N.H. company produces key military gear

Telegraph photo by GRACE PECCI U.S. Navy Capt. David Padula, left, accepts the 500th Night Vision Cueing and Display Systems (NVCD) unit from Merrimack’s Elbit Systems of America’s Director of NVCD Programs Martin Cielinski during a Tuesday ceremony in Merrimack. This piece of equipment enhances the safety and effectiveness of U.S. Navy and Marine Corps aviators.

MERRIMACK – “Thank you for making a device that made my safety increase,” U.S. Navy Lt. Cmdr. Peter Zettel told officials during a Tuesday ceremony at Elbit Systems of America in Merrimack, which commemorated the 500th delivery of the Night Vision Cueing and Display System.

Elbit Systems, Rockwell Collins and other firms collaborated to design the helmet-mounted Night Vision Cueing & Displays (NVCDs). These devices provide Navy and Marine Corps aviators the capability to see flight and weapon symbols with an information display through their night-vision goggles. They are designed to enhance both the safety and effectiveness of warfighters.

With NCVD’s, pilots can navigate the skies in high-threat environments and meet their operational needs more successfully.

Navy Capt. David Padula, who accepted the NVCD system on behalf of the government, thanked all involved in producing the product.

“The capability that is provided for our aviators is unprecedented,” Padula told the audience. “We fight our wars today different from an aviation perspective because of this system, the system you all had a very, very intimate part of.”

Zettel then gave the audience a recap of his personal experiences with the NVCD by giving members a scenario to consider. He told those in the audience to imagine they were sitting on a flight, which was about 5-10 minutes away from landing.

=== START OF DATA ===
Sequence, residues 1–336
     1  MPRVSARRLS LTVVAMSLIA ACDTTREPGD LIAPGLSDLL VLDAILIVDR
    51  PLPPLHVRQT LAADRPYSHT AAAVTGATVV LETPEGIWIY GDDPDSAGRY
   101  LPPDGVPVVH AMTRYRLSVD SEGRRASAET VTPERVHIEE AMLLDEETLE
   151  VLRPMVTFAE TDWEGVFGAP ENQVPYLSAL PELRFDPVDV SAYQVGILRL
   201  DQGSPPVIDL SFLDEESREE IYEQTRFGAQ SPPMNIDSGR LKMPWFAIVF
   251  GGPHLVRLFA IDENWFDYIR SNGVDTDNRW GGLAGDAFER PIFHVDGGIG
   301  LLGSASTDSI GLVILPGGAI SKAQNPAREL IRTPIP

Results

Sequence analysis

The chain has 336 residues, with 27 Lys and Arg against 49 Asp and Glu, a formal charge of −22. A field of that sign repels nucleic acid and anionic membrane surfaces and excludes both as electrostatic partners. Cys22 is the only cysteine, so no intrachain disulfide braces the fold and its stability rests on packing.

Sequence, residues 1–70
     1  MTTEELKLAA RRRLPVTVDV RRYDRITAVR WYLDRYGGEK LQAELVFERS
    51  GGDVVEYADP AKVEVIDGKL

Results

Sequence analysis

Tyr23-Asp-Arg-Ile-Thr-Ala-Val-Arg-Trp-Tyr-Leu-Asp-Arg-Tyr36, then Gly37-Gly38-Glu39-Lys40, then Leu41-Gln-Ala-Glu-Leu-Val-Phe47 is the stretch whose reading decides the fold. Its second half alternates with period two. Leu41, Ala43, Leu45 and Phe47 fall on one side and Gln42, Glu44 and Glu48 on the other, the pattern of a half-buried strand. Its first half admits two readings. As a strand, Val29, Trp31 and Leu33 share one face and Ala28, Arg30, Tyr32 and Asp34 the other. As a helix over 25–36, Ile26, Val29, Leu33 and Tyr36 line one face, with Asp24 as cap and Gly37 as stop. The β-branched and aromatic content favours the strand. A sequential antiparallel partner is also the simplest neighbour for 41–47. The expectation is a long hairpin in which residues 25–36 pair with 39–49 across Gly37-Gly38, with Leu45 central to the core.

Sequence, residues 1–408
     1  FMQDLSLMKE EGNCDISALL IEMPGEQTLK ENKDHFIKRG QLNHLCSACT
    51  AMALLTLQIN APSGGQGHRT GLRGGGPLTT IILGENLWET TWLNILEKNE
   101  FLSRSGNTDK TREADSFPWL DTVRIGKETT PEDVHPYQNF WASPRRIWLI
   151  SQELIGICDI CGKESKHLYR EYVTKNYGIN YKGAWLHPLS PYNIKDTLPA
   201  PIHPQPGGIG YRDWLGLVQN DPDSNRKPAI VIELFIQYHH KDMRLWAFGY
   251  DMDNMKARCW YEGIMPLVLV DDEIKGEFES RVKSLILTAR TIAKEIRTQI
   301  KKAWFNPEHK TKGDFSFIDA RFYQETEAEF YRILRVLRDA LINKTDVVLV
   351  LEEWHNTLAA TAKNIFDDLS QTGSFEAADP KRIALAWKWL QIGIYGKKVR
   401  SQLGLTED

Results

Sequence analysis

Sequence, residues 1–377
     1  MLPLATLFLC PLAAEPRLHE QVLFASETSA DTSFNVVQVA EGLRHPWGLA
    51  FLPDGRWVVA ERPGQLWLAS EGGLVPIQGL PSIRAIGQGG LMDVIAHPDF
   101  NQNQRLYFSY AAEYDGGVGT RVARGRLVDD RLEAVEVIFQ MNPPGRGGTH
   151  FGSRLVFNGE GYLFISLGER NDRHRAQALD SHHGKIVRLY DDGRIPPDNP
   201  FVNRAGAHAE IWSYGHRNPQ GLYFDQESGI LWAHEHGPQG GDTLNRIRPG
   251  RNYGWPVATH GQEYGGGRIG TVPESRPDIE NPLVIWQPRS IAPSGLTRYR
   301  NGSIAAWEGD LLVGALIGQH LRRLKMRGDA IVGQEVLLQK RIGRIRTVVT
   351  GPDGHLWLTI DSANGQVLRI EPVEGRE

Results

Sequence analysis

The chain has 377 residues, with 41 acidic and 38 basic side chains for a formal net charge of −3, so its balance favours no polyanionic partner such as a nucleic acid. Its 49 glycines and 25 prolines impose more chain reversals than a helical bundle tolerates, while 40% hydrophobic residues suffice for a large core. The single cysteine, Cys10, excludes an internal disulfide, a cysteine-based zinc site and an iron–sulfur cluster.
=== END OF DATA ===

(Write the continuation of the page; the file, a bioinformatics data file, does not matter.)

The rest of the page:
“You can see the ground clearly. I’m in the seat next you. I’m going to hand you a black and white photograph of a red truck and I’m going to say that truck is 45 degrees off your nose, about five miles away, find it,” Zettel said. “That is the skill set we had to learn in order to go from our system’s small system display to find it.”

Now, with the help of the NVCD, response time is much faster. Zettel told those in the audience to take his example and imagine at night, how long it could take.

“It’s almost impossible,” Zettel said. “Now, instead of a picture and using that skill set, (the NVCD) tells me GPS coordinates. I put it in my system, display my sensors to it and I immediately get an arrow saying it’s over there and I look and there’s a diamond on it.”

“That’s a big deal. It takes a task that could take minutes and brings it down to seconds,” he added.

Because of those seconds, Zettel or anyone else who uses the NVCD will get extra time to focus on other things. This, in theory, should help them make better decisions.

Zettel said this greatly improves situational awareness. If those on the ground can give him their locations, Zettel said he would also be able to use their locations as points of reference. He can then find things around them or warn them of things coming toward them.

“(NVCD) has great capability in its own design. It literally is a game changer… the threat has to think differently,” Zettel said.

During the ceremony, the audience also got a chance to hear from representatives of the industry team and Commissioner of the New Hampshire Department of Business and Economic Affairs Taylor Caswell.

The ceremony concluded with Padula accepting the 500th NVCD from Elbit Systems.

Grace Pecci may be contacted at 594-1243, or at gpecci@nashuatelegraph.com.